Resources for K-12 Teachers & Educators

Posted on: October 13th, 2020 No Comments

Adirondack Architectural Heritage (AARCH) is dedicated to providing and sharing resources with teachers and educators across the Adirondack region and Northern New York. Our work in regional education, advocacy, and technical assistance cuts across K-12 Art, Science, Technology, Math, English, and Social Studies curriculums. This document shows a slice of what we offer in helping students and teachers explore how the built environment impacts their lives, and in the process, build an ethic and understanding around historic preservation in their communities.

keeseville questTogether with educators, we aspire to create collaborative opportunities that foster a love and appreciation of our region’s historic infrastructure, local landmarks, and the places important to students and their families. We also seek to emphasize the important role of reusing old buildings in preparing for a greener, cleaner, and more equitable future.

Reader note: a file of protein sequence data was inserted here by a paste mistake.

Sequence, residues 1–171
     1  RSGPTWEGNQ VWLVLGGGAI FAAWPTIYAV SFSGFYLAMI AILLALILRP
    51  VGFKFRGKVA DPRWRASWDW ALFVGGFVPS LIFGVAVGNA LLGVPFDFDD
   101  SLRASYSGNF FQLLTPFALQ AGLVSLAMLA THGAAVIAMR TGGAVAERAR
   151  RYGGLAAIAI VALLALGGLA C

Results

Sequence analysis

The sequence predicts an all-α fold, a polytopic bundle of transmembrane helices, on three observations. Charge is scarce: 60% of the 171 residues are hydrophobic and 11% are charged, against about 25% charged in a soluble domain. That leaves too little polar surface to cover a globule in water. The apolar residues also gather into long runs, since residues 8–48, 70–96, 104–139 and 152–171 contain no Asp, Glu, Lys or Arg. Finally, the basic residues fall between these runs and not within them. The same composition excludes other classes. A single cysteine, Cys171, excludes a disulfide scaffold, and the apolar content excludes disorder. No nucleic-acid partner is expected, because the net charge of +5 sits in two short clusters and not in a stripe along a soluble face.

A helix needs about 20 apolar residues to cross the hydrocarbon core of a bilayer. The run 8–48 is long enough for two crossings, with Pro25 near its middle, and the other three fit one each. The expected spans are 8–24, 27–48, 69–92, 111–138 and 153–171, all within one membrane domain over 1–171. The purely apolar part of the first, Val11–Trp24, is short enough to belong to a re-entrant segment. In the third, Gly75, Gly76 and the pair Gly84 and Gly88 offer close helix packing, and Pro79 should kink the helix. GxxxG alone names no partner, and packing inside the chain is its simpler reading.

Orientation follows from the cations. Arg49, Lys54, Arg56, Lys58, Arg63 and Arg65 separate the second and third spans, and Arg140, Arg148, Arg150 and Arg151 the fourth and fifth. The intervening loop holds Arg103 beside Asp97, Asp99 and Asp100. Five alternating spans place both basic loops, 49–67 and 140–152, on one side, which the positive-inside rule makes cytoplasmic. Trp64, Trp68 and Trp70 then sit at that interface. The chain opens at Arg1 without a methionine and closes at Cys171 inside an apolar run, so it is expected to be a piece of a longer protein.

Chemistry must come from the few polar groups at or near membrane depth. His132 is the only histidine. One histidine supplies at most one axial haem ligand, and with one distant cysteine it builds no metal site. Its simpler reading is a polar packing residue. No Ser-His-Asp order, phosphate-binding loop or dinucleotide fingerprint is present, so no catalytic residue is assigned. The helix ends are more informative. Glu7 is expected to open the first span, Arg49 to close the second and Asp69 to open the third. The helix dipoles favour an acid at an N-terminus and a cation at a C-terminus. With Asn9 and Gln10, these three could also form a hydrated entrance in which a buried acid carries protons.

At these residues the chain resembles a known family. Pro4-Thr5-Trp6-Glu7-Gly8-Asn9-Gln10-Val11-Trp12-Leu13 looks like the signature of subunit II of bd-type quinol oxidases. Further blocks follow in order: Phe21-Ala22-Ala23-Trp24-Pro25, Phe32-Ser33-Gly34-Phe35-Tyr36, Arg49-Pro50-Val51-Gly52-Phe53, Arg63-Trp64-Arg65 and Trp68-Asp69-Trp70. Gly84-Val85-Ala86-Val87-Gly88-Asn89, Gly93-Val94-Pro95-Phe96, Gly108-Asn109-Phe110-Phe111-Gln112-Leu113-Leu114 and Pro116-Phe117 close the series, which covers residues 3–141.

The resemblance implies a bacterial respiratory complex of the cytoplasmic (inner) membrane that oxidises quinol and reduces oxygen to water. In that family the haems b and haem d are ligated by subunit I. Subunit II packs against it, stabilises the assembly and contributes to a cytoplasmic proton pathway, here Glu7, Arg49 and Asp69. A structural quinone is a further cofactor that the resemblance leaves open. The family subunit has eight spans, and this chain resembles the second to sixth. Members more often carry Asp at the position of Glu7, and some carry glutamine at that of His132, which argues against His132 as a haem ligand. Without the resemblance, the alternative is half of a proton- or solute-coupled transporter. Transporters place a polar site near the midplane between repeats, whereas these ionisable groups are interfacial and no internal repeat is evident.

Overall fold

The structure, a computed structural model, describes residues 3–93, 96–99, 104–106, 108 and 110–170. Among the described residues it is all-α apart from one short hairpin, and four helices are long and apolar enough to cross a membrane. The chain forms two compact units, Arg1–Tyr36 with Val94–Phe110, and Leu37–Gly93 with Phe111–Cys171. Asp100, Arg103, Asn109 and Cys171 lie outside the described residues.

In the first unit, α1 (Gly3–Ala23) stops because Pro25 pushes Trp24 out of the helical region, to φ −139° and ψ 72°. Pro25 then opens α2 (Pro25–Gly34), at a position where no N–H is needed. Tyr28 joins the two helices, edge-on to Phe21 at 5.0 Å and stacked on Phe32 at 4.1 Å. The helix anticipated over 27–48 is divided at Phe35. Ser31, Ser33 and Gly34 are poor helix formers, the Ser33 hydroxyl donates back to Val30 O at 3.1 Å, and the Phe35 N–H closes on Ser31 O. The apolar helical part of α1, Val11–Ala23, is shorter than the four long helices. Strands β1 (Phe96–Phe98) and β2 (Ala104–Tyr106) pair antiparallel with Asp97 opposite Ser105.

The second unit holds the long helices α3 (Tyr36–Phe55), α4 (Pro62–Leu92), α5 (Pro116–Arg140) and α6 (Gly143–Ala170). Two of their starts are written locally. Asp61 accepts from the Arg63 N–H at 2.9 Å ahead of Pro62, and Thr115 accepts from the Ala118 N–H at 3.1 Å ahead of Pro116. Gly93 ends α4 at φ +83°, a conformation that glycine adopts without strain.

AARCH stands ready to support the work of teacher, parents, and all other educators during this challenging time. Please feel free to reach out to AARCH staff with questions, requests, or inquires.

Guiding Questions for Students

  • What is historic preservation and why is it important?
  • What can historic buildings tell you about the history, life, and current events in your community?
  • How can historic buildings be positive for your community?
  • What are the historic buildings, important places, and landmarks in your community, and why do they matter?
  • Why is having the ability to identify architecture and historic places important to understanding your surroundings?
  • How might saving historic buildings matter for your future?

AARCH Resources, Projects, and Workshops